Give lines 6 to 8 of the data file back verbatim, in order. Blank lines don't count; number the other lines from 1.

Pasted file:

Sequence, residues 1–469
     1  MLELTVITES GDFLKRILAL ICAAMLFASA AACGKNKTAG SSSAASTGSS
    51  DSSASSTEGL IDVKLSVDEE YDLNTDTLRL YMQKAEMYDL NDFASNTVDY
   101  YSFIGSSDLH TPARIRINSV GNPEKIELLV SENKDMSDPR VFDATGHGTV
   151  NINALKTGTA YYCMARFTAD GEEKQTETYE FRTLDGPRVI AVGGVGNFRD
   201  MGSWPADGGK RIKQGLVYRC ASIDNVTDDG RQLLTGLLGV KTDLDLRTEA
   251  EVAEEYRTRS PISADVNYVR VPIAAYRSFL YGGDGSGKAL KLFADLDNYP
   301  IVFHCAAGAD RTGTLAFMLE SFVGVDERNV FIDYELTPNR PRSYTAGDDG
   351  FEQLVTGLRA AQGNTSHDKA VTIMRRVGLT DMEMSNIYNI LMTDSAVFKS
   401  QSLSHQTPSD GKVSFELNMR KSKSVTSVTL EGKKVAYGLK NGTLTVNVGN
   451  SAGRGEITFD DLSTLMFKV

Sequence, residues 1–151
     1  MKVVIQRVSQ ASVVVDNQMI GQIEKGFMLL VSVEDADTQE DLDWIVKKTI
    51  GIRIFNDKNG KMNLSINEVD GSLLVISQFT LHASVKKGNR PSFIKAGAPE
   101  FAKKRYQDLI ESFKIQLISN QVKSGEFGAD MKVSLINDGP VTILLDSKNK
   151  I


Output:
   201  MGSWPADGGK RIKQGLVYRC ASIDNVTDDG RQLLTGLLGV KTDLDLRTEA
   251  EVAEEYRTRS PISADVNYVR VPIAAYRSFL YGGDGSGKAL KLFADLDNYP
   301  IVFHCAAGAD RTGTLAFMLE SFVGVDERNV FIDYELTPNR PRSYTAGDDG